PromotionOn a lighter note how about a Super Bowl prediction? Forget about the game. One of the teams is ethically bereft from the top down, cheats and plays dirty with complete arrogance. The other is a close second. The commissioner is even worse than IMS at attempting to extract money from everything any participant ever touches. No, my prediction is a little more predictable. Even though the Super Bowl will be on the OTA parent of the first motorsports broadcast partner of NBCSN there will be absolutely no promotion of any kind for the upcoming IndyCar season. There will, however, be a lot of promotion for NASCAR. They do not rejoin the network until JULY.

What is the point? IndyCar supposedly hired two blue chip marketing professionals with credentials from names like Ford and NASCAR. Yes, Verizon is the title sponsor. That seems great and you might think that since they are also so heavily involved in the Super Bowl there may be a tie-in to IndyCar as well. Uh, probably not.

The WinnerThe 2014 Indy 500 was a closely contested, exciting race won by an American in the prime of his career who is charismatic and willing to do anything to promote the series. Other than a Letterman appearance Ryan Hunter-Reay has been invisible on the national stage. When will the marketing people actually market?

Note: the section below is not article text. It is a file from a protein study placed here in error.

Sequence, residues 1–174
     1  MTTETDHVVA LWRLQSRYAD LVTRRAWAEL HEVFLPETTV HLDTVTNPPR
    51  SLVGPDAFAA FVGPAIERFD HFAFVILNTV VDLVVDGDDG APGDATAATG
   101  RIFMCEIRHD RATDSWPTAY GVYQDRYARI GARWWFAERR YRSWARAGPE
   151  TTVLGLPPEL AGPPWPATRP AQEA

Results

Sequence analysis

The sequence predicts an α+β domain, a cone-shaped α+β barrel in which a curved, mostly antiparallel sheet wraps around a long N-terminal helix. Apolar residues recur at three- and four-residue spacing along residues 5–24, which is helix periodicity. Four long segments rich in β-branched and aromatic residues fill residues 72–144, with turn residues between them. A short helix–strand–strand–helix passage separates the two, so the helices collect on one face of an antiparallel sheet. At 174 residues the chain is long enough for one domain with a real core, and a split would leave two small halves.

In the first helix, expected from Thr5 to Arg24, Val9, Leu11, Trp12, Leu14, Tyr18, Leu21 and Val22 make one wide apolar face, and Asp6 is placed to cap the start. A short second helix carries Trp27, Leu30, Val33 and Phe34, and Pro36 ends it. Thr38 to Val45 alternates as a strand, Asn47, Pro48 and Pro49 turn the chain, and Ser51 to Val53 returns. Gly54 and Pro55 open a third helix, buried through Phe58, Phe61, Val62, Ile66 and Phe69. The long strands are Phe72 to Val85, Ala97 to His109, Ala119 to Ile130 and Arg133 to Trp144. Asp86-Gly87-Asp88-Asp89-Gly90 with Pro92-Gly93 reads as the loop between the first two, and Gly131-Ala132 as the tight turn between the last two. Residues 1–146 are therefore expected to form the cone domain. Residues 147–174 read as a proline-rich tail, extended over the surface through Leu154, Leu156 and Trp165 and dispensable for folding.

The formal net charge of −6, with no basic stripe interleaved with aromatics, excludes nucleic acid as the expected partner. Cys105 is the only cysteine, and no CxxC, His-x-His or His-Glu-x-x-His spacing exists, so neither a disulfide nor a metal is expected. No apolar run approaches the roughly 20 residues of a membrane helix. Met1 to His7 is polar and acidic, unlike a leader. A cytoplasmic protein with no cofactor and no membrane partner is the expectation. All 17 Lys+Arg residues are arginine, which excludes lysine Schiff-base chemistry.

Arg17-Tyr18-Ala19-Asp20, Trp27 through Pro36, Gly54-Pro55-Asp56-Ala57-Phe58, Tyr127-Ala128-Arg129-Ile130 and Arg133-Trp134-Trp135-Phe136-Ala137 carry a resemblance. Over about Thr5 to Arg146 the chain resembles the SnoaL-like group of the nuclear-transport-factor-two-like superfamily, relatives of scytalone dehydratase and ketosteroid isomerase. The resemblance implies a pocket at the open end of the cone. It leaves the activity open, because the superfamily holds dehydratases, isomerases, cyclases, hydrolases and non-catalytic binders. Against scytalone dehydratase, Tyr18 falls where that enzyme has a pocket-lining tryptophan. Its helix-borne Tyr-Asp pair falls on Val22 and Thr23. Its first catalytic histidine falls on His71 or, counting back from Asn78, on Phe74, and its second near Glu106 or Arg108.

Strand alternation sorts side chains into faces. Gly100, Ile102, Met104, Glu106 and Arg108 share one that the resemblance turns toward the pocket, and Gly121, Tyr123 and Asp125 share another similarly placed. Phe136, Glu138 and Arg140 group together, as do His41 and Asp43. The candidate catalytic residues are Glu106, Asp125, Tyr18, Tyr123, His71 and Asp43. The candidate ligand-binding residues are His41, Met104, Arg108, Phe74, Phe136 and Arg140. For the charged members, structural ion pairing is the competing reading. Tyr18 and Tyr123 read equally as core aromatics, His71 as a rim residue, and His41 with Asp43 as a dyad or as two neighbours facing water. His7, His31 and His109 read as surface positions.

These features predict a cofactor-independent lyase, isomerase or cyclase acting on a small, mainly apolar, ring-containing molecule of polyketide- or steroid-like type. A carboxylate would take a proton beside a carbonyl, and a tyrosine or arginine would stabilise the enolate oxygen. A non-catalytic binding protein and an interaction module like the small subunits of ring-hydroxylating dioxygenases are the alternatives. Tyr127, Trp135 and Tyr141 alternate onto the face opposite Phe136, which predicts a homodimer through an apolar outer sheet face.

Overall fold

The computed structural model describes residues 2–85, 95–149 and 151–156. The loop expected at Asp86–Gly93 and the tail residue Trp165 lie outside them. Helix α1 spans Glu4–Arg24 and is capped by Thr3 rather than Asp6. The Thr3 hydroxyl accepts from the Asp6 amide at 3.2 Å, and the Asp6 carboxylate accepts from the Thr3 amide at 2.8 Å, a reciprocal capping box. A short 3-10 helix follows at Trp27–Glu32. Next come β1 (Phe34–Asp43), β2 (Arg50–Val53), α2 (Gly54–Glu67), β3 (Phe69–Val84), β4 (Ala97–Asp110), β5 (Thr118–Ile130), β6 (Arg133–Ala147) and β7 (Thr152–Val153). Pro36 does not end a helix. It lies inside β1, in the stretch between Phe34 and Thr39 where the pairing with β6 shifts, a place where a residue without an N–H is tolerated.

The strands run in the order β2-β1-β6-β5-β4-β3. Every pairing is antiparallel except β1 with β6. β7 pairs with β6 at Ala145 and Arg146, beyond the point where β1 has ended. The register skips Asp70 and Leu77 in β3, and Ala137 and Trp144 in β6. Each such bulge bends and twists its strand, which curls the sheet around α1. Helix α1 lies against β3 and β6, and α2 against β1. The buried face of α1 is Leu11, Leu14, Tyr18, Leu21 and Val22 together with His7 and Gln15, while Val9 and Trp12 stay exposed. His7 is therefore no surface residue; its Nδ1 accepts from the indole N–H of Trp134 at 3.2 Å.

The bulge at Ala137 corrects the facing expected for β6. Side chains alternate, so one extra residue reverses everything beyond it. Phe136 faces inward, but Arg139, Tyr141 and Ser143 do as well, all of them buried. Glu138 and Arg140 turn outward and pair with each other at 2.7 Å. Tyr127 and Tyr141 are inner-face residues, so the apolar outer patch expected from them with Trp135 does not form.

Most had high hopes for Miles and his carefully assembled crew. Instead all fans ever receive is the same kind of obfuscation, deflection and silence that has helped doom the litany of failed regimes that marched through previously. Being an IndyCar fan is the most difficult endeavor racing enthusiasts can possible ever undertake.

January 29, 2015

Ding Dong The IndyCar Witch is NOT Dead

Filed under: The Disciple Blogs — Disciple of INDYCAR @ 3:11 pm